A new University of Stirling study is seeking to understand how the easing of COVID-19 pandemic restrictions on licensed premises can be effectively managed to protect emergency services.
The project – funded under the Scottish Government’s Rapid Research in COVID-19 programme – will examine policy options for reopening pubs, nightclubs and restaurants to minimise the impact on ambulance services, and to protect customers and staff from the virus.
The team will investigate how the re-opening of premises could be phased in over time, and whether and how licence holders could minimise infection risks. The study will consider the way in which consumers and venues might respond to any easing of restrictions – in terms of alcohol consumption, intoxication, violence, sales and promotions.
The impact of current restrictions on ambulance service callouts will also be examined, as well as the potential impact should establishments reopen.
Professor Niamh Fitzgerald, of the Institute for Social Marketing and Health (ISMH) at Stirling, is leading the new project, which also involves Martine Stead, Deputy Director of ISMH, and Professor Jim Lewsey, of the Institute of Health and Wellbeing, University of Glasgow.
Professor Niamh Fitzgerald is leading the new research project.
Professor Fitzgerald, an expert in alcohol policy, said: “Most pubs and nightclubs closed more than seven weeks ago, as part of the UK and Scottish Government response to the COVID-19 pandemic.
“Governments and the public are very interested in how licensed premises may begin to reopen – but there are risks involved. Whenever restrictions ease, businesses may seek to recoup losses and customers may choose to celebrate by drinking more than usual.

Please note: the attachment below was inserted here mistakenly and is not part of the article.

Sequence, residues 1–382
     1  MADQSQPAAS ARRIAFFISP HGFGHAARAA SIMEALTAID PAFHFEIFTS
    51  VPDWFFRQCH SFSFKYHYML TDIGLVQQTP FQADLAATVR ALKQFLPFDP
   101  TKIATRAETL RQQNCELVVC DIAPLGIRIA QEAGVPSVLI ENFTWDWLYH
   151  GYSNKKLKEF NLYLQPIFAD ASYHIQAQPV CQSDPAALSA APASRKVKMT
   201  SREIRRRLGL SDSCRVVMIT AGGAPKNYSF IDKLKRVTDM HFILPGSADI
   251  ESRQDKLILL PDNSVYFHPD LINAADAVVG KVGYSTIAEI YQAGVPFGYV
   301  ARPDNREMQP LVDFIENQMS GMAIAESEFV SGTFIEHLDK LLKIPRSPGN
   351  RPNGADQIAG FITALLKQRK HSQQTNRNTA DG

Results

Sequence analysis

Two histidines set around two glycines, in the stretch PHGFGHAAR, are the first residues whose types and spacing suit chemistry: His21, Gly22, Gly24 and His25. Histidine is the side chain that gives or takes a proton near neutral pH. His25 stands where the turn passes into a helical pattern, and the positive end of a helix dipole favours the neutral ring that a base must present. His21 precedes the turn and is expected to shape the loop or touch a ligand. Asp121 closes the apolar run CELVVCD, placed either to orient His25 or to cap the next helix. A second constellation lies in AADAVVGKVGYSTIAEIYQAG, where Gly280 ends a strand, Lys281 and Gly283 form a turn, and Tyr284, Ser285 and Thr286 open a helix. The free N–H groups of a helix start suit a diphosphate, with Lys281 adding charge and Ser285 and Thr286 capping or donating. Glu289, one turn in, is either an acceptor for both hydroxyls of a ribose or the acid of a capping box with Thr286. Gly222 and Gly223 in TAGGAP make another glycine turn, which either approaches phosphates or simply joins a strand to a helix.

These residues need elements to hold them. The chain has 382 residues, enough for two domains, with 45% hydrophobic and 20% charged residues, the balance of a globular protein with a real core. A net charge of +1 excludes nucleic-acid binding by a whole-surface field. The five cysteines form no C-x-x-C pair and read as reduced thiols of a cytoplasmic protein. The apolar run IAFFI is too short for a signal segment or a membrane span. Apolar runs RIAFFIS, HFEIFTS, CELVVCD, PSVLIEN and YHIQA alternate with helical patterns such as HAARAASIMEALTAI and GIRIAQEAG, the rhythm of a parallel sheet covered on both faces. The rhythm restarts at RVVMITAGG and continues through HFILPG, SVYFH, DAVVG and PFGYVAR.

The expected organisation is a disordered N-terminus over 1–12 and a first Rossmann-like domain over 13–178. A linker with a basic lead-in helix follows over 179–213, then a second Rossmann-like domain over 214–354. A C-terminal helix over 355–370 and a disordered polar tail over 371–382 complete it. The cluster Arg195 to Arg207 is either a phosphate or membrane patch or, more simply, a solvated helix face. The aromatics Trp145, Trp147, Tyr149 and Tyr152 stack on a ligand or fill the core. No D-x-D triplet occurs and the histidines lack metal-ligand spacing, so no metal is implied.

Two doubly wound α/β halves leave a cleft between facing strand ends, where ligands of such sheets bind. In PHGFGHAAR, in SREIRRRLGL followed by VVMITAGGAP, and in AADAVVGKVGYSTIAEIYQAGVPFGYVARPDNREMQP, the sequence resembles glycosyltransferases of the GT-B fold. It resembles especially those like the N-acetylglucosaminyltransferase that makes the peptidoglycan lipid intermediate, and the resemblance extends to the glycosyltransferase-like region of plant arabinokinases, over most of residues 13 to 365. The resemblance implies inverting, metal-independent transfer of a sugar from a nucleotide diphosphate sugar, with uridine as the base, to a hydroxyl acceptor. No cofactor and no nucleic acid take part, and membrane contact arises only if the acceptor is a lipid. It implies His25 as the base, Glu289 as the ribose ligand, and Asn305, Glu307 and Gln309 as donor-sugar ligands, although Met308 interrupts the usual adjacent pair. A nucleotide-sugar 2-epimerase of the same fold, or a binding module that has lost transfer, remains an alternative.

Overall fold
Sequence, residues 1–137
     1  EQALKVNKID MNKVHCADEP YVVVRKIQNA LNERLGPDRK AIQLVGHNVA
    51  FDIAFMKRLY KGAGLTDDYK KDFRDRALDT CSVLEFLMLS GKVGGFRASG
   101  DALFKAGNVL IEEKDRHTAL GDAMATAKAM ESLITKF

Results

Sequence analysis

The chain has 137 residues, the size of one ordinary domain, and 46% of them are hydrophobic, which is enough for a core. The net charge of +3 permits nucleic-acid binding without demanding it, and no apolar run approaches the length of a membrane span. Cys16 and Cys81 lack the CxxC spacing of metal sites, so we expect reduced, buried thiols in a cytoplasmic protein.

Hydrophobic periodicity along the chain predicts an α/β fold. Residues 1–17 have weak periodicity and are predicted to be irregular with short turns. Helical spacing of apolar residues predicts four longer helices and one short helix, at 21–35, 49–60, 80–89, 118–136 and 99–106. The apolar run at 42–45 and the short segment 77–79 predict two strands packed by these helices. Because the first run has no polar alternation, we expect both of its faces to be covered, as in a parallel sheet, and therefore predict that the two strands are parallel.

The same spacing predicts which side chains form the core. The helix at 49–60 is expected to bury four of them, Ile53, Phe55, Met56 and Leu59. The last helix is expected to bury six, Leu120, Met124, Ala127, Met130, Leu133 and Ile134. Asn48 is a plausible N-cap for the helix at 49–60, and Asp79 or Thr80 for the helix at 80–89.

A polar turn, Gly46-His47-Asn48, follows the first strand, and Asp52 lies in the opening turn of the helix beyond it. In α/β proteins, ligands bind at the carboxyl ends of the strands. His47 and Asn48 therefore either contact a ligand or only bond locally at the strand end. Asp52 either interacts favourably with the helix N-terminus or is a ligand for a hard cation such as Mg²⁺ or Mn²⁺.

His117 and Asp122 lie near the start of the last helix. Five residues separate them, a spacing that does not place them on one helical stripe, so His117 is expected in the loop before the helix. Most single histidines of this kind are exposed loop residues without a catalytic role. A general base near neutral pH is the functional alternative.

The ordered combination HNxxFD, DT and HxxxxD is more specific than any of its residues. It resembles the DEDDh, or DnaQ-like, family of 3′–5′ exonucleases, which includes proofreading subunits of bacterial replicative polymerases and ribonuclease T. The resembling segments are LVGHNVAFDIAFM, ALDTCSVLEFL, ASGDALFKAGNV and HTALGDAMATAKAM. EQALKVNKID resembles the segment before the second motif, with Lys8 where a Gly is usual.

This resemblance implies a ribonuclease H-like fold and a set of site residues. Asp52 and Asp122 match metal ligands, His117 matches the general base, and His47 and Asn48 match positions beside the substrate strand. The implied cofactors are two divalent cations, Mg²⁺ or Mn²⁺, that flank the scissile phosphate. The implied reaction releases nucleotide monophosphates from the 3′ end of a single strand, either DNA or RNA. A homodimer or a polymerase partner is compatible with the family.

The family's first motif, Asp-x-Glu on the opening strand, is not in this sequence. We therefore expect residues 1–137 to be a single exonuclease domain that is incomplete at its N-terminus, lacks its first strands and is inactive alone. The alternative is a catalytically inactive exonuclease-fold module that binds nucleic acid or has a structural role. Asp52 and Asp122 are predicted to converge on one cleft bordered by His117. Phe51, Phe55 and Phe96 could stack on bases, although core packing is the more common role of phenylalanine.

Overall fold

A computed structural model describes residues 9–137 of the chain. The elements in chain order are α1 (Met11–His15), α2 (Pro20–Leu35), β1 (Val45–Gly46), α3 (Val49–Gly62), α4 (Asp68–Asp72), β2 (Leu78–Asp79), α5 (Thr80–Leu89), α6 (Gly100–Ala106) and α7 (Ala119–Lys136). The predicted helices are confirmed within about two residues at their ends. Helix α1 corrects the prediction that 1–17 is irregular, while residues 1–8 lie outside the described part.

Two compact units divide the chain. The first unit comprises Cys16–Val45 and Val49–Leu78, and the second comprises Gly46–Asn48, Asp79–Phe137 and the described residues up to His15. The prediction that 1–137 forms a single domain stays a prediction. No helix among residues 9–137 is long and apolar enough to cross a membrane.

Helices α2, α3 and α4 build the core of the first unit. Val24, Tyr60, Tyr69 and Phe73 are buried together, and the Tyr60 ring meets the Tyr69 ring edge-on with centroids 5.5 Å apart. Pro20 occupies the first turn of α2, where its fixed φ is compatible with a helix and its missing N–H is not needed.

“The actions of businesses and consumers could have implications for how intoxicated people get, and have a knock-on impact on our emergency services. It is really important therefore, to understand the options available for easing restrictions.
“We will consult with a wide range of businesses, staff, policymakers and experts. One option could be to ease restrictions partially, or in a staggered way, potentially with measures remaining in place around sales, opening hours or venue capacities to minimise harm and impact on the emergency services.”
While it seems that the closure of bars and nightclubs across Scotland may have eased pressure on the Scottish Ambulance Service (SAS), concerns have been raised about perceived increases in house parties and domestic violence during lockdown. In addition, it is possible that the Service could experience an increase in callouts – even above pre-pandemic levels – when restrictions are eased, if large numbers look to take advantage of any relaxing of rules.
Professor Lewsey, an expert in medical statistics, said: “This study has only been possible because it builds on a strong existing collaboration with the Scottish Ambulance Service, to better understand the impact of alcohol on ambulance call-outs more generally. We are delighted to have the opportunity to support the Service with relevant research at this challenging time.”
The research team will analyse SAS data on ambulance call-outs, interview premises owners and key stakeholders and may also examine customer behaviour and venue operation once the restrictions are eased, depending on the timing of any re-opening.
Policy and guidance
Professor Fitzgerald added: “Our aim is to feed information quickly and directly into policy and guidance – both at Scottish Government and local level – regarding the easing of COVID-19 restrictions on licensed premises.”
The new study – set to complete within six months – will build on data and preparatory work for two other projects - ‘The impact of minimum unit pricing on ambulance callouts in Scotland’, a study also funded by the Scottish Government’s Chief Scientist Office, and a proposed study, ‘Evaluating later or expanded premises hours for alcohol in the night-time economy’, both supported by Scottish Ambulance Service.
The University of Stirling is leading 10 major projects investigating the impact of COVID-19 pandemic after receiving almost £500,000 in Scottish Government funding. In addition to this study, two further projects within the programme address the impact of the virus on the SAS: one considering the challenges faced by paramedics and another providing insight into the effect of psychiatric emergencies.